From jet-setting in private aircrafts to vacationing on their own islands, the super-rich attract a lot of curiosity and fascination. There are many billionaire gentlemen among India’s rich and famous, but very few women. Here are India’s richest women who featured on last year’s Forbes list of 100 richest Indians. They might be as different from each other as chalk and cheese, but they are all women of substance and stand out not just for their wealth but also for their amazing personalities. The wealth part is no joke though. The four women have a collective wealth of nearly $ 10 billion. From a statistical perspective, the GDP of several small nations, like Monaco, is lower than this figure.
Savitri Jindal, Asia’s richest woman, grew up in Tinsukia, a small town near Guwahati. Married to the founder and chairperson of Jindal Group, O.P. Jindal, Savitri was happy being a homemaker devoted to bringing up her nine children. Following her husband’s death in 2005, she took over as the chairperson of the steel and power conglomerate. Jindal Group turnover has risen steadily under her leadership. Savitri dons several hats and served a stint as Cabinet Minister in the Haryana State Government. Her net worth is $ 3.9 billion.
Leena Gandhi Tewari is the chairperson of privately held company USV Pharma. USV Pharma started off as a small firm founded by her grandfather, Vithal Balkrishna Gandhi, a well-known social reformer and politician. The company used to import medicines and later branched off into manufacturing in a joint venture with an American company in the 1960s.
This billionaire lives in Mumbai with her husband and two children. She holds an MBA degree from Boston University. Being a nature lover, she loves travelling to forests all over country and studying about wildlife. She is, interestingly and rather curiously, fascinated with reptiles. Research on her family’s ancestral history is another passion and she has written a biography on her grandfather titled ‘Beyond Pipes & Dreams – The Life of Vithal Balkrishna Gandhi’.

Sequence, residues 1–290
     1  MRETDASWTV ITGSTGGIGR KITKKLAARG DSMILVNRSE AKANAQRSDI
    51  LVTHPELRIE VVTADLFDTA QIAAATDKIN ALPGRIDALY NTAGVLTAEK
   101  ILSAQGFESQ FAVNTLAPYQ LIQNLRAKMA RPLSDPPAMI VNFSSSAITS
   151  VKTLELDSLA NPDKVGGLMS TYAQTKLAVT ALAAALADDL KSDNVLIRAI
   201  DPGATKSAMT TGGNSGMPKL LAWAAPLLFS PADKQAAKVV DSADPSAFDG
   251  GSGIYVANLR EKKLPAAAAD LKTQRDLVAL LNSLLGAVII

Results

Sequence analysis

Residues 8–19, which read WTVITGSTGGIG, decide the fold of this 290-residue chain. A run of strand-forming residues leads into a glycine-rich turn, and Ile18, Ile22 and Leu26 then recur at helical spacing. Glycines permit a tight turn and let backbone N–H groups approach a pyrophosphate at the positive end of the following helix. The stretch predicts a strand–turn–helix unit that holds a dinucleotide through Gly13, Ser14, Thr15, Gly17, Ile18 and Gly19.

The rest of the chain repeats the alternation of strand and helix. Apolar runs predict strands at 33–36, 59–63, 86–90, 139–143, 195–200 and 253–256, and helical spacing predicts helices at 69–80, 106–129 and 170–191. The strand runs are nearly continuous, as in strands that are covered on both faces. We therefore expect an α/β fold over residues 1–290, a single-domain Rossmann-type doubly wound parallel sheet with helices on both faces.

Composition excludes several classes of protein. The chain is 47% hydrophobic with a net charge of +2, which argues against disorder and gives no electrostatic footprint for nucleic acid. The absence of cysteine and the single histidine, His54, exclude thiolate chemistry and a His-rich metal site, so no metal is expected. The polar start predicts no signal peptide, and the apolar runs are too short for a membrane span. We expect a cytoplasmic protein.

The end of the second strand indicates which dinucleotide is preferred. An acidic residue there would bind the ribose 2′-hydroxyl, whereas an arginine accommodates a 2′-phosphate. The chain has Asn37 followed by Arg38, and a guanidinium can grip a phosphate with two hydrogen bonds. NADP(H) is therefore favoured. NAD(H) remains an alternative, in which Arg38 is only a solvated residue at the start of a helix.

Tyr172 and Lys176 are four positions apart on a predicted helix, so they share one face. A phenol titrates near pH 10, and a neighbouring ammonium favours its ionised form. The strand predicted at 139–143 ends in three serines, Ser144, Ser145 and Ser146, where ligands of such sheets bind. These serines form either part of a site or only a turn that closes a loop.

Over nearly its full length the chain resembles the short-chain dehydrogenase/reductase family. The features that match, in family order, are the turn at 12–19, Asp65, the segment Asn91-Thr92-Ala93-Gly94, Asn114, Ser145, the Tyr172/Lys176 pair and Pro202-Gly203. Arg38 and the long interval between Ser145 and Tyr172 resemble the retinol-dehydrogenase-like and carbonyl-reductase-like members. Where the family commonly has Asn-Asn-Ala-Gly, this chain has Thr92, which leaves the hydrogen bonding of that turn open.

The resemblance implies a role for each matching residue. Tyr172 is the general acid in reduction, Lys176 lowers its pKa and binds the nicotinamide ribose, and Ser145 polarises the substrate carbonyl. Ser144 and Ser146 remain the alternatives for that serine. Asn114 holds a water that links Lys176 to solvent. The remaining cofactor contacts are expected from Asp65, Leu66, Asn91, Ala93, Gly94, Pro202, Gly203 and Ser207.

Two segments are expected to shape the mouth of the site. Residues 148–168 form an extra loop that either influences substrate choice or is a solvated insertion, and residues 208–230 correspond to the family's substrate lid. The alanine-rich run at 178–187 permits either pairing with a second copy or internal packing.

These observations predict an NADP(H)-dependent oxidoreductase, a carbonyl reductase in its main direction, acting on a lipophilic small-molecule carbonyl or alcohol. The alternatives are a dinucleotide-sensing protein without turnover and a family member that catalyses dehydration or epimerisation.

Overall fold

Indu Jain of Bennett, Coleman & Co. has a net worth of $ 1.9 billion. She is the chairperson of one of India’s leading media house – The Times Group. She founded the Times Foundation, which initiates pioneering activities in the field of development. It is her dedication that has helped mobilise funds for the Times Relief Fund, which works towards disaster relief during natural calamities. Indu is also a strong advocate of women’s rights and encourages women entrepreneurs. She also heads the Bharatiya Jnanpith Trust, which gives out the prestigious literary award, the Jnanpith and through it supports literary endeavours in various Indian languages. Her address at the United Nations on the occasion of the Millennium World Peace Summit of Religious and Spiritual Leaders in 2000 was appreciated as she spoke about the need for togetherness among faiths.
Vinod Gupta is the wife of the late Qimat Rai Gupta, and is one of India’s richest women after inheriting her husband’s shares in electrical fittings maker Havells India, though she doesn’t hold an executive or board position. Qimat Rai Gupta founded the company in 1971 and it is presently run by her son. Her son, Anil Rai Gupta, dedicated his book ‘Havells: the untold story of Qimat Rai Gupta’ to his mother stating – To my mother, Vinod Gupta, who was the real force behind my dad’s success and who emotionally moulded me.
These women prove that though the rich might enjoy a lot of frills, they do not lead frivolous lives and there is a consistent attempt by them to make a difference to the world around them. These admirable ladies seem to live up to the saying “The real measure of your wealth is how much you would be worth if you lost all your money.”